After the event, they kept the ball rolling on these social media accounts. They also created extensive digital content – videos of presentations, podcasts recorded with attendees, digital copies of trade newspapers, and so on. This helped to keep up engagement with attendees, plus non-attendees were able to sample some of the excitement, which encouraged them to come next year.
Technology is a vital part of your engagement strategy.
First, you need platforms that can collect and collate data. Data is the key to well-defined member personas, and these personas will allow you to create a personalized experience for members.
You also need automation tools that can help you deliver a personalized experience at scale. Email automation will allow you to get targeted messages out to each persona, while marketing automation will let you guide individuals through a sales funnel.
However, none of this technology can achieve anything by itself. It can only ever be a set of tools for a great team who are committed, creative, and focused on delivering outstanding value to members. This team will need to be able to look at data-driven insights, study member personas, and figure out exactly what it is that members need.
Case study: Data-driven mentoring
For one association, the uptake on their mentoring scheme was quite low. Although members responded positively to the idea, few people actually got involved. The process was that mentors would announce their availability on the association’s message forum and mentees would ask to meet them.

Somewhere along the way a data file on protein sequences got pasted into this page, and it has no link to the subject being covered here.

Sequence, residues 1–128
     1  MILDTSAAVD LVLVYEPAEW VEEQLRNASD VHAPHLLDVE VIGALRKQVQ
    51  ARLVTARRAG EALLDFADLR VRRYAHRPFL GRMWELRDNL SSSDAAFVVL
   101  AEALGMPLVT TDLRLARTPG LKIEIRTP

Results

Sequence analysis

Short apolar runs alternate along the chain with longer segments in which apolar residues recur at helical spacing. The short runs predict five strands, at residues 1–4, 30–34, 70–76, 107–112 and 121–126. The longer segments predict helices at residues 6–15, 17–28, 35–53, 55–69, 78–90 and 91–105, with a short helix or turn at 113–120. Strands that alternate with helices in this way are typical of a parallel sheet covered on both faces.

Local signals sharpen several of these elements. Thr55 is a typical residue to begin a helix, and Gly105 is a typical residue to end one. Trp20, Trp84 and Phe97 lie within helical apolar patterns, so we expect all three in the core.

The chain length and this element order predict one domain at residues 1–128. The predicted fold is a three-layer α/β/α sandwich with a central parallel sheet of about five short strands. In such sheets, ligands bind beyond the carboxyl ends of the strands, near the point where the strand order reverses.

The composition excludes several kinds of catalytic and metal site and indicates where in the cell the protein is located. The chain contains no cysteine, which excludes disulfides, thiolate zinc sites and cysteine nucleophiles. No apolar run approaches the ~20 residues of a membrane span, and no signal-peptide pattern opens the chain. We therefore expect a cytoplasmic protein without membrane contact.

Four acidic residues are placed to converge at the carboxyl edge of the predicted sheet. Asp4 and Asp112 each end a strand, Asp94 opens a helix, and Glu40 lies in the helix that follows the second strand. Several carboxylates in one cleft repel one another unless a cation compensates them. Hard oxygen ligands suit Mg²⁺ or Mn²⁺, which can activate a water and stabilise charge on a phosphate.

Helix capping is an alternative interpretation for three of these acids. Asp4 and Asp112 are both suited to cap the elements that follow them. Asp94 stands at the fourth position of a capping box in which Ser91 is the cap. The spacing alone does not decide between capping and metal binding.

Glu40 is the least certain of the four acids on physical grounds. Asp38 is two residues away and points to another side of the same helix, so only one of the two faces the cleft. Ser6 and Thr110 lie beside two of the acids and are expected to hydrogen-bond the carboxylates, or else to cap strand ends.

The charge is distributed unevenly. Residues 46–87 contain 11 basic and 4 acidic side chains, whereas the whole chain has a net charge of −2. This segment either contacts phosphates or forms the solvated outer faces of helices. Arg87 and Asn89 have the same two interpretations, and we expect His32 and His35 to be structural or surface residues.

The association realized that they had enough data to do some match-making: to identify potential mentors among their senior members and to match them with newer members based on skills and interests. Once they found a match, they would email both parties and ask if they were interested.
It led to a huge uptake in the mentorship program, with many successful relationships formed. Even where the mentor and mentee did not agree to meet, just sending the email led to higher satisfaction rates. Mentors, in particular, said that they felt happy to be recognized as having a particular level of skills and expert knowledge.
Measuring engagement in the association space is a challenge. Members have differing expectations, differing needs, differing levels of availability that may impact the degree to which they get involved.
The only way you can really assess engagement is by looking at your existing members. Focus on the most engaged tier of members, the ones who volunteer for committees and act as brand ambassadors. What are their behavior patterns? How often do they use digital tools? Which live events do they attend? What kind of programming do they take advantage of?
Looking at this will help you figure out the unique challenges of your association. The goal is, ultimately, to move everybody up to that third tier of high engagement. If you’re providing outstanding value, then every member will be fighting for seats on committees, queueing up to answer calls for submission, and acting as outstanding brand ambassadors.